I finally got a job. I started a few months ago. That means I have money to spend! But…I can’t just spend it on everything, as my paycheck isn’t even that much right now. I’m pretty much drowning in school debt, which I can thankfully delay for one more year. So I’m also in the process of saving money too. What does that mean? That means spending judiciously, targeting continuing stuff I’ll like, and waiting to buy everything.
That means finally buying a physical copy of Food Wars.
And I’ll be waiting to buy a copy of Assassination Classroom. Maybe the first few chapters will read better than when I read it online.
The point is, you want to read manga online, fine. I do it too. If there was a efficient way to get copies of something you like, a game or a novel or whatever without having to pay in any fashion, that’s your prerogative, and in the case of manga, especially when legitimate publications that most mainstream people read (coughcoughNew York Timescough) can’t get it right either, how can I blame you? After all, it’s not like it’s being stopped right now.
But is manga really so worthless that you can’t even set a modest limit to buy some manga during the year?
That’s unfortunate, because I find manga to be something of great worth. I find it worth buying, and especially for a certain few, I find it worth having in my hands.
I’m not alone in thinking manga is worth buying.
Sarah Hayes lives in Missouri, and has been collecting manga for 14 years. How did she even know about manga? Well, it started with Pokemon, Toonami, and her nearby comic shop. “When I realized there was a comic version of Gundam Wing–” Sarah emphasizes she was really into the series — “I picked it up. And then I saw comics for Sailor Moon, Cardcaptor Sakura, Oh! My Goddess, and at point, I was hooked.”
Tony Yao lives where I live: New York City! He got interested in manga back in 1998, while still in high school, and, well, back when AOL dominated and most websites looked old and aged. “I learned about what manga was when reading about Ghost in the Shell in an issue of Wizard Magazine back in 1995,” he said. “But in 98’, I discovered that Dragon Ball Z was a manga. I read old-fashioned text summaries of DBZ volumes on a Geocites DBZ fan site and that’s how it started!” He started collecting manga in 2003.
Erica Friedman, who lives in New Jersey, has been into manga since the 1990’s, “with the advent of Sailor Moon,” she said. Of course, she’s also been a part of the manga industry, starting her yuri publishing company ALC Publishing, which exclusively published Yuri content; starting Yuricon, a convention geared towards yuri related manga and anime content; and was part of the creation of MangaNEXT, an exclusive manga only related convention. So she’s been in the manga industry and fandom side of it for a long time.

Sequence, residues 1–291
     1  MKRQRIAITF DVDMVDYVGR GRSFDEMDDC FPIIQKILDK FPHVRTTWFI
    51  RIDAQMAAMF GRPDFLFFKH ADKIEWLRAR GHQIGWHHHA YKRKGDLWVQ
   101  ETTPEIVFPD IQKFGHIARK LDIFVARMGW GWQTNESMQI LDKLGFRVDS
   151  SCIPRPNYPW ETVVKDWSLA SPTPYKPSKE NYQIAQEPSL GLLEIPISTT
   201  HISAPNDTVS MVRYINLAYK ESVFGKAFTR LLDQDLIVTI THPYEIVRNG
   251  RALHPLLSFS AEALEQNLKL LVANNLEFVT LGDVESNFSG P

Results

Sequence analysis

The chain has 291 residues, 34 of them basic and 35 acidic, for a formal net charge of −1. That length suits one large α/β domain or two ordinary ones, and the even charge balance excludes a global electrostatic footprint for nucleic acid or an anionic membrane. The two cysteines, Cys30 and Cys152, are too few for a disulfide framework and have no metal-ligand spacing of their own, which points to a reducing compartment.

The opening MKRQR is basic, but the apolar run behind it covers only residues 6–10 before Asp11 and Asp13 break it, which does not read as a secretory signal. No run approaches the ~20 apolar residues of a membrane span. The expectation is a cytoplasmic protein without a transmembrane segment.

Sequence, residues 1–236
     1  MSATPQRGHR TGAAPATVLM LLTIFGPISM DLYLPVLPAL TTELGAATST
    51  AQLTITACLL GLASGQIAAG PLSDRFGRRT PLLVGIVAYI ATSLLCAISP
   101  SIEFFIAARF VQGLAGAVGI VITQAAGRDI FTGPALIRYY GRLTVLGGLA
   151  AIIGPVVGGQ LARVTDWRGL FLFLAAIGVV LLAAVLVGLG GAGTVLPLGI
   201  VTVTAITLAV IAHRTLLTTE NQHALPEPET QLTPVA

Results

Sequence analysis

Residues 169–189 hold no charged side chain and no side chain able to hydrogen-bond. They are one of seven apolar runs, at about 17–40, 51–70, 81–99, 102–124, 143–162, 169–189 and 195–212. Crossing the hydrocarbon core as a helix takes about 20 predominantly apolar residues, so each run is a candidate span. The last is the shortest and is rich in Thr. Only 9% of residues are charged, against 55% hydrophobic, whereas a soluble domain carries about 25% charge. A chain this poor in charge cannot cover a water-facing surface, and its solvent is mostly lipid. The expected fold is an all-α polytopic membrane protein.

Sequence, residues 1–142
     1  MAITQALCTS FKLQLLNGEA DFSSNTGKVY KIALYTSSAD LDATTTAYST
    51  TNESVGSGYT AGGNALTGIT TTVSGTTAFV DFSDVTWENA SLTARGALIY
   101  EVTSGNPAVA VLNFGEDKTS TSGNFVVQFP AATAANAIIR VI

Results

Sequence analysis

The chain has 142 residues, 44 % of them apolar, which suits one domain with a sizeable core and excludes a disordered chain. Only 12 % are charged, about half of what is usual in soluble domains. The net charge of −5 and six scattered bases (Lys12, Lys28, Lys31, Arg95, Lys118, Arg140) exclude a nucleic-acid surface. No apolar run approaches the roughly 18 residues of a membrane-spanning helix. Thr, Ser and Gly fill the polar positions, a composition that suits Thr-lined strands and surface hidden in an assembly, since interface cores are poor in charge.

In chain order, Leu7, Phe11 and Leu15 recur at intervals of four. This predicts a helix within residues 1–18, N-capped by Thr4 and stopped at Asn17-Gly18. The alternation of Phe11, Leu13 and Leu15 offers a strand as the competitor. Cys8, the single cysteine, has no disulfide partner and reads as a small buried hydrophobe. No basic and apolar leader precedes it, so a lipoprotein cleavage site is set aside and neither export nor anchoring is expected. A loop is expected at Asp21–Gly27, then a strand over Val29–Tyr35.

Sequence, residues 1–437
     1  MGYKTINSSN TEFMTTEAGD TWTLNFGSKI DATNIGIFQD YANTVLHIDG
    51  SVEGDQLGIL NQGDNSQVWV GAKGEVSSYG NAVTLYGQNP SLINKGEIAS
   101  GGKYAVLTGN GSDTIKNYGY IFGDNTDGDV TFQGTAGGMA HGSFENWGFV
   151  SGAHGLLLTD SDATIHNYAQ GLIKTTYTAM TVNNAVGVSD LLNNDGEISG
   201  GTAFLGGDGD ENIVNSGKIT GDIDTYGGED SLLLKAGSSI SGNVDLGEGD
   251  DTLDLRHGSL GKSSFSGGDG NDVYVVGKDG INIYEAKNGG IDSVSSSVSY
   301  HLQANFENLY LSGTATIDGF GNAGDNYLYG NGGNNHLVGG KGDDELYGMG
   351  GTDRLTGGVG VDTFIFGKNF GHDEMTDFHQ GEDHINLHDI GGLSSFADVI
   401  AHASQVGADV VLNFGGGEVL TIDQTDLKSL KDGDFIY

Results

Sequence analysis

Unfortunately, with issues with the fandom and the differences between JP and US relations proving to be too much, ALC Publishing effectively is no longer publishing anything new. Has that closed the book on her interest in manga? Nope, as she still buys the Japanese editions.
Ash Brown (I think you know who he is around these parts!) was Ohio bred and born, but then he ended up moving to Michigan when he got older. He works as a librarian — “sadly, my job has nothing to do with manga,” he bemoans — and on the side, he’s a musician, and a martial artist. He is the neophyte when it comes to manga collecting: he started collecting manga in 2009 (same for me) when he got employed and had a decent income, though it did take reading Urasawa’s Pluto and manga criticism from Jason Thompson for him to dive head first into manga.
“I have been collecting manga since 2004,” says Noura, a manga fan in Florida…or was in Florida, until in 2000, she moved back to her home. Her home is in the United Arab Emirates. Yep, the UAE is in the eastern part of the Arabian Peninsula. She’s Emirati. There’s only the Kinokuniya in Dubai that actually sells manga, and even so, due to Islamic culture, there are manga that are banned from even getting published, especially Boys Love. How strict are the restrictions over there? “They were about to ban Attack on Titan Vol 8 because of the cover,” she said. The Kinokuniya staff did negotiate and convince regulators and parents (who she mentioned are conservative on these things) that they could sell it. But certain volumes of Dance in The Vampire Bund were banned. From The New World was in stock, but, whether it was due to sales or the content in the volume, they were slowly removed from the bookstore.
It hasn’t really stopped Noura from continuing to go back to that Kinokuniya, or just ordering the manga online. Considering the restrictions in place, it does make you wonder — why buy manga when you have to go through so many hoops to get it?
“Buying manga is like any other hobby,” said Noura, “so I do not understand why people refrain from spending money on it. If you love something, it feels better when you pay for it and have it, right? Video game fans buy games and I do not think they find it a waste of money, so I do not get why a lot of people feel that buying manga is not worth it.” She also mentioned that for titles she’s not sure of or not interested in owning the books of, she buys it digitally.
Erica reinforces this thought. “The simplest reason to buy manga is that actually putting your money where your interest is, is the easiest and best way to say ‘thank you’ to the manga artist you enjoy, the editors, the translators, the layout, the touchup, and letterers who all worked hard to bring you that book.”
Tony’s view on why it’s worth it to buy manga is the same, though it starts with a personal reason: details. “It’s easier to re-read things from a print book than from reading online. Reading online doesn’t allow for a better recall of details.”
…I actually agree with that statement. But that’s merely a personal reason, and people are different. That’s why Tony’s second reason comes down to simply supporting mangaka. “You ensure someone else who has a dream about making it big as a mangaka can come true. If the industry grows, the money goes back to developing and nurturing future talent.” Tony references Hajime Isayama, and of course, with the big success of Attack on Titan not only in Japan but also in the West, he will be a name to be recognized after his current series ends. “A kid may be inspired to make manga because of him,” he continued. “He/she grows up and decides to pursue that dream and makes it happen. This situation has happened in the case of Akira Toriyama and the countless mangaka he’s inspired because of Dragon Ball. Your indirect support helps everyone.”